Supporting Your Monstera: The Best Moss Poles for Your Climbing Plants

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If you have arrived here, you need support. But not for you, but for your beautiful Monstera or split-leaf philodendron, Swiss cheese plant, or window leaf ( Monstera deliciosa ) if you prefer.

I will only bore you with some of the stories about this plant, which is one of my favorites for apartments because you already know all about it. I will help you choose the best moss pole support for your Monstera.

What is the best moss pole for Monstera?

 For me, the best moss pole is undoubtedly the one made of coconut fiber (and below, I’ll explain why if you’re interested..). 

Image by @plantsbymelissa

Then, on the type of pole, whether bendable, stackable, DIY, or fixed, you could discuss at length; I leave you a comparison of the best products that you can find here.

Why Monstera Plants Need Support

Attaching your Monstera to a moss pole is a great way to give it extra support and create a more natural growing environment. After all, Monstera plants are epiphytic in nature, which means they’re used to growing on other things like trees in the wild.

So, by giving your Monstera a moss pole to cling onto, you’re giving it a vertical support system that’s much more in line with its natural tendencies.

However, in order to ensure that your Monstera plant stays upright and healthy as it grows indoors, it can be helpful to add a moss pole.

This type of support is essential for climbing plants like Monsteras, as they will use the pole to grip onto and continue to grow vertically.

A moss pole can also provide an additional source of humidity for the plant, which can benefit Monsteras, which are native to rainforests.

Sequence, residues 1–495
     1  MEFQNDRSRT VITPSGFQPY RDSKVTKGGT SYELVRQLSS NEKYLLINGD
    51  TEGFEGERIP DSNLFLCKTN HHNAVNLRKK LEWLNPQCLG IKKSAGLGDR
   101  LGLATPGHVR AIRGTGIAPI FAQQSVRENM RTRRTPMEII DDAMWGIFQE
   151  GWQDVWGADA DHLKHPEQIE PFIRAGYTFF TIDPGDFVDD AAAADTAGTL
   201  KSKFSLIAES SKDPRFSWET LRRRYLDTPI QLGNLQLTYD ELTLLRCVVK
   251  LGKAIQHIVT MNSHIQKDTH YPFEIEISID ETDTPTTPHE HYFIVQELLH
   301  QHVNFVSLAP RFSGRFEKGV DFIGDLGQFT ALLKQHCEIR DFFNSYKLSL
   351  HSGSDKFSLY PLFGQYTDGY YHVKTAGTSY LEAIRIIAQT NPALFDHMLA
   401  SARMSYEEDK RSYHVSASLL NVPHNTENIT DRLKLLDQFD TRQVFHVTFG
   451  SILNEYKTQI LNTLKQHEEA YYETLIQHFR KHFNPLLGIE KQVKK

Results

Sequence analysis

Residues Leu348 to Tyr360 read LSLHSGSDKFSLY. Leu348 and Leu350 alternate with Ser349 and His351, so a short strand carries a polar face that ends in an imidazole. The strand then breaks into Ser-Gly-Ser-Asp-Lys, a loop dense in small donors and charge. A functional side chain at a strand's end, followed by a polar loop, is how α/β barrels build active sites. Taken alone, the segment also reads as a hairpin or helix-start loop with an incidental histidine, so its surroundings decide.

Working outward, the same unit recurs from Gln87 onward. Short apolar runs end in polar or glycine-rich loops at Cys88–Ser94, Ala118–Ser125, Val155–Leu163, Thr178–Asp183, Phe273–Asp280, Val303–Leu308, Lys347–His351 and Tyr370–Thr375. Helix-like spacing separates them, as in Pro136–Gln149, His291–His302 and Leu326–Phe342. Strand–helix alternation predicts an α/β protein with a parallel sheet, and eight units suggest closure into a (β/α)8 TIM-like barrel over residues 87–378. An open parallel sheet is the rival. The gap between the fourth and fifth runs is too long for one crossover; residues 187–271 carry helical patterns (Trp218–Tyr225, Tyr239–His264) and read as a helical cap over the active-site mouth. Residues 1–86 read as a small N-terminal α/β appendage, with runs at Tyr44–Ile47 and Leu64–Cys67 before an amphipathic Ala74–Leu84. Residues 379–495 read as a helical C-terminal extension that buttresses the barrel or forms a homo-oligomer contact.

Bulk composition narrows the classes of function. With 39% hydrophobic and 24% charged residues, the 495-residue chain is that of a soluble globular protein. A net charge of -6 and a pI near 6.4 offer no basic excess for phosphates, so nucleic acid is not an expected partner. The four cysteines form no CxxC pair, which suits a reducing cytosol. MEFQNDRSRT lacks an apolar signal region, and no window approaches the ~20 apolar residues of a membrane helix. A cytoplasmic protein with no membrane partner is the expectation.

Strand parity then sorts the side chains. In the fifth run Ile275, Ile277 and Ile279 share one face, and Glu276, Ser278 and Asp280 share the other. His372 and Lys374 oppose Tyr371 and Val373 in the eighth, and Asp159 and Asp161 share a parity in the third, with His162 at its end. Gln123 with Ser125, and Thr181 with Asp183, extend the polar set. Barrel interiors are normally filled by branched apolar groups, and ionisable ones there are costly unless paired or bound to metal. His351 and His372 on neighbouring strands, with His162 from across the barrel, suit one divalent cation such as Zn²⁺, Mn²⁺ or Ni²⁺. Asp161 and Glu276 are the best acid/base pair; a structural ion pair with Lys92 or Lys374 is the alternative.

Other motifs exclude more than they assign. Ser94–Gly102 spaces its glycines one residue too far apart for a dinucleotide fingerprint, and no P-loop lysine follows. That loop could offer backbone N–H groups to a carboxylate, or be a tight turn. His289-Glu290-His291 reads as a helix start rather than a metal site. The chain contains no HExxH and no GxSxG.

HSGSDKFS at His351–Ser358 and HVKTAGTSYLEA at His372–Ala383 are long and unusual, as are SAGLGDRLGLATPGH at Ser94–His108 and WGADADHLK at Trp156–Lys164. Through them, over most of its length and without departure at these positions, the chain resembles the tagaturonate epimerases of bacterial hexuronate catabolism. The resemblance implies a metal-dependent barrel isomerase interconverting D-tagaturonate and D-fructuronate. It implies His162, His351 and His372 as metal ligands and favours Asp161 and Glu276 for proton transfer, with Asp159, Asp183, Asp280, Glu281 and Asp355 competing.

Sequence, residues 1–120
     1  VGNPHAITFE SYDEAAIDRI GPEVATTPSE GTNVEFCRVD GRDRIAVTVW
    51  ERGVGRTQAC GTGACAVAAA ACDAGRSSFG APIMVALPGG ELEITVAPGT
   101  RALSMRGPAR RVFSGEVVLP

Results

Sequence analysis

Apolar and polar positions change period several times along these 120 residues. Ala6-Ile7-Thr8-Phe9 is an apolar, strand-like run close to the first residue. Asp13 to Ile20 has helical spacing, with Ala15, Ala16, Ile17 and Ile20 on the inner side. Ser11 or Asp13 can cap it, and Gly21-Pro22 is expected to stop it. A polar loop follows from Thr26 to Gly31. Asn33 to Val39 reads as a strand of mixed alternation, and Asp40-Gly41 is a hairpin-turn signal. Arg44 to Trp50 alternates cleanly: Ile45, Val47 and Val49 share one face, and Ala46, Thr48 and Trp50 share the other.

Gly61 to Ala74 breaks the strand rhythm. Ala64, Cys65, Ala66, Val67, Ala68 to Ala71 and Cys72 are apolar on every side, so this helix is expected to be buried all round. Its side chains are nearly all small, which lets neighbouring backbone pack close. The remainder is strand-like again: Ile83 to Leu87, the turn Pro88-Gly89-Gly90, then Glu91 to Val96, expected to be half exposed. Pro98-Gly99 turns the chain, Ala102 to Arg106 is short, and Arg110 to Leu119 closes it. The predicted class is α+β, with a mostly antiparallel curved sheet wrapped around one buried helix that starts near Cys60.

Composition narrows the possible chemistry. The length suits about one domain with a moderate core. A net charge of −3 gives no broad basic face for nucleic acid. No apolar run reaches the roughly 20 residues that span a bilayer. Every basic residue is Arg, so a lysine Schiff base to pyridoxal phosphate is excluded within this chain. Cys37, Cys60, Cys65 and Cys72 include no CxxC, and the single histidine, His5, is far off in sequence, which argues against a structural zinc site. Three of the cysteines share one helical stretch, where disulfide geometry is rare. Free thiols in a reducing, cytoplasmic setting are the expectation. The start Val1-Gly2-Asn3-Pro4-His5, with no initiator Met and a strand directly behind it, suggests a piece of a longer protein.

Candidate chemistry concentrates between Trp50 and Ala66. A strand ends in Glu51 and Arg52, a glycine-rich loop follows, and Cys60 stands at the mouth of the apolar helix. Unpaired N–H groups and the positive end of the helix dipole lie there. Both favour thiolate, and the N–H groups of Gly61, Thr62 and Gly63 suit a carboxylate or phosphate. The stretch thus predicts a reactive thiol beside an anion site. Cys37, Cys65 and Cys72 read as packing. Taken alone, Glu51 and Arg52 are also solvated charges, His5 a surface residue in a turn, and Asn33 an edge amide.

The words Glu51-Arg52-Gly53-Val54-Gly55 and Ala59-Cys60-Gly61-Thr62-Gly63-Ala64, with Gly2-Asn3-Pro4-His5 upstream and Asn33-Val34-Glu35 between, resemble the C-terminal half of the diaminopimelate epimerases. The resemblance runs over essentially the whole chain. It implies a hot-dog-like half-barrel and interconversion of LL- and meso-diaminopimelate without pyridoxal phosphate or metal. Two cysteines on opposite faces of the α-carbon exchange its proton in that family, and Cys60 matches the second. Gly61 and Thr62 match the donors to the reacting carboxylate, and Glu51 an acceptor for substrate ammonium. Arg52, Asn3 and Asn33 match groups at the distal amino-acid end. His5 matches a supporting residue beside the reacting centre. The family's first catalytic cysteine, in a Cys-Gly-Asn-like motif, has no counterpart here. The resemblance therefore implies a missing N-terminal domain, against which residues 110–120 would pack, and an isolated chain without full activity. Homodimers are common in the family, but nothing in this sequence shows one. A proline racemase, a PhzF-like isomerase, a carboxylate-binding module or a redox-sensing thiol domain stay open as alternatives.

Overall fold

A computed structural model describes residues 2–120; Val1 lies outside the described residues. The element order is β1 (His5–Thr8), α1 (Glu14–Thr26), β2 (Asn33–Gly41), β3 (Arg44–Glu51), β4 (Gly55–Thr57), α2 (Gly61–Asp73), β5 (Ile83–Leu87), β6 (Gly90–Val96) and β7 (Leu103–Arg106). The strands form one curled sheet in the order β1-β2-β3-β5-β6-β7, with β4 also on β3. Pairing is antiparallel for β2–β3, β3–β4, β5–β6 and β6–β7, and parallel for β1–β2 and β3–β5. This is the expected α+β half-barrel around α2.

While it’s not a strict requirement for the plant, many gardeners and botanists recommend moss poles (CTAHR Department of Horticulture ) as a means of support for climbing plants like Monstera. This can help ensure that your plant remains healthy and happy as it grows and can also add a decorative touch to your space.

Types of Moss Poles Available

When it comes to selecting a moss pole for your Monstera, there are a few different types available on the market. One popular option is the coco coir pole, which is made from compressed coconut fibers (spoiler alert: it’s the best for your Monstera).

These poles are known for their durability and natural look, as well as their ability to retain moisture and provide an additional source of humidity for your plant. Another option is the sphagnum moss pole, which is made from a type of moss that is known for its ability to retain water and provide a natural grip for aerial roots.

These poles are often wrapped in twine or jute for extra support.

Lastly, a trellis is another option you can use to support your Monstera. A Trellis is a structure of lattices or wooden bars used to support climbing plants. They are often made of wood, bamboo, or plastic and can be a decorative addition to your indoor or outdoor space. 

Okay, if you have yet to notice, you’re on a moss site, so you’d expect me to recommend Sphagnum Moss pale. 

Wrong. The best is the coco coir pole, and it is the best for a simple reason: it requires less humidity, and therefore, we will alter the ideal conditions of the Monstera to a lesser extent, which requires medium and not high humidity.

Second, but by very little, is the sphagnum moss pole, of course.

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Selecting the Right Size Moss Pole for Your Monstera

Seven simple words: proportionate to the pot and the plant.

image by @monko_the_plant

This is the rule for the right size. The moss pole must not be excessively long if the pot has a small circumference and size because it would risk tipping it over, and on a small plant, there is no need for a very long or large circumference pole because it does not grow in a day and is absolutely useless have a post as tall as a person on a 10-inch seedling.